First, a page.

# Tagged Questions

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### Why are isotropy groups named as such?

Why are isotropy groups, also known as stabilizers, named as such? In physics, the word isotropy means having the same property in all directions. Can one draw an analogy from this to interpret the ...
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### Notation for permutation corresponding to the action of a group element

Let $G \times X \to X,\ \ (g,x) \mapsto g.x$ be an action of $G$ on $X$, i.e., $e.x = x$ for all $x \in X$; $gh.x = g.(h.x)$ for all $g \in G$, $x \in X$. For a fixed $g \in G$, how should I refer ...
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### Terminology on group actions

Johnson, D. L. "Minimal permutation representations of finite groups." Amer. J. Math. 93 (1971), 857-866. My knowledge of group theory is undergraduate-level stuff. I'm looking at the paper cited ...
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### Why are they called orbits?

When we study actions in group theory, we consider sets of the form $$\text{Orb}_G(x)=\{gx\mid g\in G\}$$ that are called orbits. Although, the only reason I find convincing for that name is that in ...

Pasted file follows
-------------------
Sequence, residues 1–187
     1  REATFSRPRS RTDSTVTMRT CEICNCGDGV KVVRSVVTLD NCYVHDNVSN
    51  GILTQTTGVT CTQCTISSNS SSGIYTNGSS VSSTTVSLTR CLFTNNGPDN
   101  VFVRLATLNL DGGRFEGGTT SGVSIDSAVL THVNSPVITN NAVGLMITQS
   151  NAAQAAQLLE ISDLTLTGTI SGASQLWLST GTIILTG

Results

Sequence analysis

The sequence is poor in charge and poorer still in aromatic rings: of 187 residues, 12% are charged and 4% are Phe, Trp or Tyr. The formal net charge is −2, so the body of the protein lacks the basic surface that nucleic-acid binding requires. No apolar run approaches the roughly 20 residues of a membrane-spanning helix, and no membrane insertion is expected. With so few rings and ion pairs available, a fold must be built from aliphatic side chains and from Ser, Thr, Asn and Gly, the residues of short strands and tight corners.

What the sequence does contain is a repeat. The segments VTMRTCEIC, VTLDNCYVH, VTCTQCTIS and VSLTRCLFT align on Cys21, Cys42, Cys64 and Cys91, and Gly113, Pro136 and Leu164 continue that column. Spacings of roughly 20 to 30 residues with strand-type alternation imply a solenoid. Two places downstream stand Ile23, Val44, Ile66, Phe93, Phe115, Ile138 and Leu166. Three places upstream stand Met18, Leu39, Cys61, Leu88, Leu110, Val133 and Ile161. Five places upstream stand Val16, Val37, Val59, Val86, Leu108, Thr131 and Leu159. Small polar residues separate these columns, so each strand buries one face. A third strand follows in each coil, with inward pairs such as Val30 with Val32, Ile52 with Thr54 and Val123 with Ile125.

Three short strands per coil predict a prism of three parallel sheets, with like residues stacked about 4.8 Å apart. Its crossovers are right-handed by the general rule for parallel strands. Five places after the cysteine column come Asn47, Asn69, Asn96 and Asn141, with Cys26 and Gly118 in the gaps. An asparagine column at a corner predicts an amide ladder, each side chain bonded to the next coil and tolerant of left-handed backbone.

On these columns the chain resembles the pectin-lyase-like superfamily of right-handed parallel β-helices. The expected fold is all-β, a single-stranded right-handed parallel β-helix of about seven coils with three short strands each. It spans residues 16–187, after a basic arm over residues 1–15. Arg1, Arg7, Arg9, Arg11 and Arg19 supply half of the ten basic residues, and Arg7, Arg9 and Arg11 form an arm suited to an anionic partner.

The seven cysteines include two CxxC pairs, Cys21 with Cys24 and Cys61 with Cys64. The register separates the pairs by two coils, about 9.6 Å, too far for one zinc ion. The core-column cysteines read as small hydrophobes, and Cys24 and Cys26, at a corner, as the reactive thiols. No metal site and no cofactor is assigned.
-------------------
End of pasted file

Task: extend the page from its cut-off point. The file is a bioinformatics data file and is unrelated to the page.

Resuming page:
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### $G$-set terminology

When a group action $G \times X \rightarrow X$ is defined with a group $G$ and a set $X$, why is there not a special name for the set $X$? I know that this is referred to as a $G$-set, but the set $X$ ...
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### What does “lifted action” mean?

I read about angular moment and linear moment but I don't know what "lifted action" means. Can you explain please? Thanks. :)